The former Episcopal Church of the Holy Communion in Fair Haven, seen in an archive photo at right, was razed this week as part of a plan by Kolarsick Builders of Rumson to construct three homes on the site, at the corner of River Road and Church Street.
The steepled church, built by volunteers in 1967, had seen its congregation dwindle, and was closed in 2009.
The ashes of 45 deceased parishoners interred in the church’s memorial garden were relocated to a cemetery in the Navesink section of Middletown in April, 2014. (Photos by John T. Ward. Click to enlarge.)
The authorization, with no objections from the audience of about 10 onlookers, clears Kolarsick Builders of Rumson to raze the 48-year-old River Road church and two other structures and replace them with three homes.
“We understand it’s a landmark property,” said company principal Noah Kolarsick, who grew up in a house with a view of the church and still lives in town. But the church is “severely deteriorated,” and because it has no on-site parking, is impractical for use as a house of worship, he told redbankgreen Thursday.
A proposal to subdivide the property at 9 Edgewood Place, below, drew nearly two dozen opponents Monday night. (Photo by John T. Ward. Click to enlarge)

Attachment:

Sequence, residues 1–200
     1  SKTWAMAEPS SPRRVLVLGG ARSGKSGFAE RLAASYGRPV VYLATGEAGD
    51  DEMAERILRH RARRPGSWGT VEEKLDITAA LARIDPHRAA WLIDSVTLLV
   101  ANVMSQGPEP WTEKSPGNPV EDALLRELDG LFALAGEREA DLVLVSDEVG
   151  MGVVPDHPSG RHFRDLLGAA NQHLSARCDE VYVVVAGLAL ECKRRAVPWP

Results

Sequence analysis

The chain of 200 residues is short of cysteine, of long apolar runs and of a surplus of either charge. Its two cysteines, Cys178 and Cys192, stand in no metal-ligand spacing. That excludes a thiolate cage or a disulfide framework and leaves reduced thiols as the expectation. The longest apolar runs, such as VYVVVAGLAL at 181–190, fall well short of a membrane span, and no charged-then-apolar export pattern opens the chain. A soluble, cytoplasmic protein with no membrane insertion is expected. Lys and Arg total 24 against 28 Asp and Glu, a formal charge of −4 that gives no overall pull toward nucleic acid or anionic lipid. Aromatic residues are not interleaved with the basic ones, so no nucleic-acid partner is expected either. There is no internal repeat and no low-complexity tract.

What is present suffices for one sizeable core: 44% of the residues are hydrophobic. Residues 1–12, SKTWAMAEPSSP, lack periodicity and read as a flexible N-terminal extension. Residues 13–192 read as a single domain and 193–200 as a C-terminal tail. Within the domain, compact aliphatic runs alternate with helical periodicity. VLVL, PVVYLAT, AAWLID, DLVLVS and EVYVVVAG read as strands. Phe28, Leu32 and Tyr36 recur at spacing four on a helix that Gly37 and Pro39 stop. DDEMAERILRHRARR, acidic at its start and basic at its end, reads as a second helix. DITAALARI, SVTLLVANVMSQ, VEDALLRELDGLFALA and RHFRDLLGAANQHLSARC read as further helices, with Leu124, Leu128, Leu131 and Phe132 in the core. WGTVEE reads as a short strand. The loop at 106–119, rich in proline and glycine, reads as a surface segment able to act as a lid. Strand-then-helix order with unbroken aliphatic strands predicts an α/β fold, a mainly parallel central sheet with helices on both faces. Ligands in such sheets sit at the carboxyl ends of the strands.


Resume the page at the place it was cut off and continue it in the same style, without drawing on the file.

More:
By JOHN T. WARD
After three long hearings packed with opponents, a proposal to combine and re-subdivide three Rumson lots for two new homes met unanimous rejection by the planing board Monday night.
At three-quarters of an acre each, the two new building lots, fronting on Edgewood Road, would be nearly identical in area to properties a block away, in the same zone, on Circle Drive.
But citing what several called the unique character of the neighborhood, opponents said the new lots would appear squeezed in on Edgewood, where the homes are so far apart that, one woman testified, children won’t go door-to-door on Halloween because it makes for inefficient trick-or-treating.
Arthur and Leslie Parent’s plan to subdivide a portion of the former Hillandale Farm has some neighbors alarmed. Below, a detail of the proposed plan. (Click to enlarge)
On the agenda for tonight’s zoning board meeting in Middletown: a plan to subdivide a 5.1-acre property in the upscale Chapel Hill area that has neighbors concerned about a change in character to the the cloistered area of large estates.
The applicants are Arthur and Leslie Parent, who bought the 5.1-acre property and its 12,000-square-foot house for $1.3 million last December, just days before they sold their Red Bank residence to cable funnyman Jon Stewart for $3 million, according to Monmouth County tax records.
The Parents want to cut the parcel into two unequal-sized lots, and have no immediate plans to build on the proposed new lot, according to documents on file.
But that hasn’t stilled concern among neighbors, who complain a township OK would leave an enormous house on one lot, set a precedent for the construction of another, and result in the loss of buffering trees between giant estates.
“It really would be a very significant change of character for the area,,” says John Moody, whose Independence Road property abuts the Parent’s.